With the much anticipated major reshuffle or sacking of officials of the Sirleaf-led administration looms over the horizon, President Ellen Johnson Sirleaf has begun to be rigid with her lieutenants, some of whom she says are transgressing against the public trust with unwholesome acts.
Some of these transgressions have to do with financial malpractices.
These reasons and many more have led to the Liberian President taking stringent actions against her officials; one official has been dismissed and another three suspended over the weekend.
According to the Executive Mansion, President Sirleaf over the weekend dismissed the Deputy Director-General for Administration of the General Services Agency (GSA), Mr. Galakpai Kortimai. Mr. Kortimai is also a former superintendent of Lofa County.
Though information was not provided as to why the former GSA deputy boss was sacked, the Liberian leader noted that his dismissal takes immediate effect.
Mr. Kortimai, following his dismissal, has joined the opposition Congress for Democratic Change (CDC). In a statement, he expressed the belief that the CDC is for grass rooters, and it is such a party of which he, as a grass roots citizen, needs to be a member.
Kortimai, from the onset had been a strong member of the ruling Unity Party (UP), and he served as chairman of Lofa County chapter.
This role Mr. Kortima played in the Unity Party catapulted him to the Superintendent position of Lofa and then Deputy-General for Administration at the General Services Agency (GSA).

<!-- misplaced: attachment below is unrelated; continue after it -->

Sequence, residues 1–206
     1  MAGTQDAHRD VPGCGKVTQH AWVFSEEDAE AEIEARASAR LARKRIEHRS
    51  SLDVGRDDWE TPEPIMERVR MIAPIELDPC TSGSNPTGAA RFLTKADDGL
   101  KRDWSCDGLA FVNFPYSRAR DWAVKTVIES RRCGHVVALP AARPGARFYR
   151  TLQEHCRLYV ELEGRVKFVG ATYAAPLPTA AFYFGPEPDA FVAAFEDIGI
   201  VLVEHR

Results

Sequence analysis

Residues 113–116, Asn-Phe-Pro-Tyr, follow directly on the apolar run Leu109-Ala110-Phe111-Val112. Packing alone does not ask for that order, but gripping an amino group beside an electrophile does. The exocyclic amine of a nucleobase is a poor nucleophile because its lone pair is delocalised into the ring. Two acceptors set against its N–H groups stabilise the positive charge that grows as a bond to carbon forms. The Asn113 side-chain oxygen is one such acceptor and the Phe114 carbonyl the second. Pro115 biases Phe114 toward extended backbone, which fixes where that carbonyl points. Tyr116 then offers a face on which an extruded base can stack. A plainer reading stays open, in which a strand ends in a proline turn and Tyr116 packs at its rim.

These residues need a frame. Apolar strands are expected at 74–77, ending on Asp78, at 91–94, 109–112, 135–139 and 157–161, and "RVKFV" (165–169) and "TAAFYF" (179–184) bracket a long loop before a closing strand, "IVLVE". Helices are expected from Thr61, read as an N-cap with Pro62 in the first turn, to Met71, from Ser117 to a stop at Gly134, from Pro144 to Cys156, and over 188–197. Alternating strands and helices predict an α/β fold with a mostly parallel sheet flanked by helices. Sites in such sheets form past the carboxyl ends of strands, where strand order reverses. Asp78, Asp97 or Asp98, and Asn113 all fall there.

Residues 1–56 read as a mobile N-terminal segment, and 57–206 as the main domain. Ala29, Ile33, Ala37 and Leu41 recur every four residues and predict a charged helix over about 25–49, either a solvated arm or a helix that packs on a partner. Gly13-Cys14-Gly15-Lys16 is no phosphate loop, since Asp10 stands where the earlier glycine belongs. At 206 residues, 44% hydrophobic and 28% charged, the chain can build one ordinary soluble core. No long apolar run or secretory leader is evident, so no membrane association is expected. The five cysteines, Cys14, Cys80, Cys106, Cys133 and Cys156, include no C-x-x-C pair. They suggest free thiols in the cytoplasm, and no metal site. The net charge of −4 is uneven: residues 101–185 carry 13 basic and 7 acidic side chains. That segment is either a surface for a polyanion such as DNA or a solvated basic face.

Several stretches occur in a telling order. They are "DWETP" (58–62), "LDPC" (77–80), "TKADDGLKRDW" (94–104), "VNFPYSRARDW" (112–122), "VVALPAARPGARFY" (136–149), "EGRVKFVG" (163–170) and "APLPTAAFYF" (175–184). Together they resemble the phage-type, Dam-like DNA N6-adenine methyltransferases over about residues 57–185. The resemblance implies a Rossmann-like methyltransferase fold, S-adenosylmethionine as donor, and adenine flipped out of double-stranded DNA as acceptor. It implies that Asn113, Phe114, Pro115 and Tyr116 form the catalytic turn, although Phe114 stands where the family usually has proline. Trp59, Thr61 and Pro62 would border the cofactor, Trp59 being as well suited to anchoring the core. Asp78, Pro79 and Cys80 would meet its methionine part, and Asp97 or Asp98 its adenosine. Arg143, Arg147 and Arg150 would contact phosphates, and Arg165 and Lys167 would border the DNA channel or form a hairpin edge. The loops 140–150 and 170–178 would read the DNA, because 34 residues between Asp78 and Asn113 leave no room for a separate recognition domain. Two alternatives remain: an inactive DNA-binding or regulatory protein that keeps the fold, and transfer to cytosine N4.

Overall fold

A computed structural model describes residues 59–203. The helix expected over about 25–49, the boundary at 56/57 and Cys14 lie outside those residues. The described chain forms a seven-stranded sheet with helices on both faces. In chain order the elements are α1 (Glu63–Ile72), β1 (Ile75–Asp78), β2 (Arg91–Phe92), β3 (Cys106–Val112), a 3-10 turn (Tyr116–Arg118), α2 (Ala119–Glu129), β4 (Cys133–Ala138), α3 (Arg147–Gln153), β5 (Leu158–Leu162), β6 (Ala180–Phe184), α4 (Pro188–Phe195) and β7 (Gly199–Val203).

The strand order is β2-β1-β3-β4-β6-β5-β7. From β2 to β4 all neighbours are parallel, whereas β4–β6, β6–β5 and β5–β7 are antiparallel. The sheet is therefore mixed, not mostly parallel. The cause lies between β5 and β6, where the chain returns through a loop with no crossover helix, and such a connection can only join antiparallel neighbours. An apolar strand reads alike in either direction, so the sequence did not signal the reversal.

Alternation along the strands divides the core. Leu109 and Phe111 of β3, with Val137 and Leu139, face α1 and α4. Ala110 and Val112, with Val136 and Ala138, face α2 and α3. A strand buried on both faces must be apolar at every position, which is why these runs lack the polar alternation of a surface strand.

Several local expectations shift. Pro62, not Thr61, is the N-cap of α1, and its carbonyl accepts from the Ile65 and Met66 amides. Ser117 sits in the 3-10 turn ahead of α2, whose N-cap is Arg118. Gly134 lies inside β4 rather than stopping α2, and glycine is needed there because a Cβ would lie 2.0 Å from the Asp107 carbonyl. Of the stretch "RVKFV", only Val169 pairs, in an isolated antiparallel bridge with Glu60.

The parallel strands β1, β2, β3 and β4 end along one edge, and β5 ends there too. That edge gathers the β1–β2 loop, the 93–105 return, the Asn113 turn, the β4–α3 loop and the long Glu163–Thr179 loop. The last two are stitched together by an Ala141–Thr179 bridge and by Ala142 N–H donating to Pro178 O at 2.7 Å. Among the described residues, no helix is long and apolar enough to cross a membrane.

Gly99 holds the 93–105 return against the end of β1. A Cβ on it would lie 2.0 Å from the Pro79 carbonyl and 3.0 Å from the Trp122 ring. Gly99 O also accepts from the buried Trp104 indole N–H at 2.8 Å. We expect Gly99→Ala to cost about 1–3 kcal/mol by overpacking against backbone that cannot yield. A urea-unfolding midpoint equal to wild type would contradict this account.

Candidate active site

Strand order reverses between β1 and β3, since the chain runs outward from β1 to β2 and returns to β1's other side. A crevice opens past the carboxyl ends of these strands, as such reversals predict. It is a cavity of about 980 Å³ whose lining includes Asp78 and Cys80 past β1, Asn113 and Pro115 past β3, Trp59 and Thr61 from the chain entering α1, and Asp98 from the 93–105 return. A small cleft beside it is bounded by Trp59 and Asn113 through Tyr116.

President Sirleaf has also suspended Una Kumba Thompson, Deputy Minister for Administration, Ministry of Foreign Affairs, William G. Greaves, Jr. Consul-General, Consulate of the Republic of Liberia in New York, and James G. Quiqui, Comptroller of the Ministry of Foreign Affairs.
These three officials, according to President Sirleaf, are suspended on reports of their involvement in financial impropriety. They will be turned over to the Liberia Anti-Corruption Commission (LACC) for further investigation. Their suspensions take immediate effect and remain enforce until they exonerate themselves through the pending investigations.
It can be recalled that reports recently surfaced while President was away that upon her return, heads were going to roll, implying that a few of her senior officials would be sacked.
This latest action on the art of the Liberian leader seems to be the beginning. It was rumored that four senior government officials are to lose their jobs, but the reality is yet to unfold as the public anxiously waits.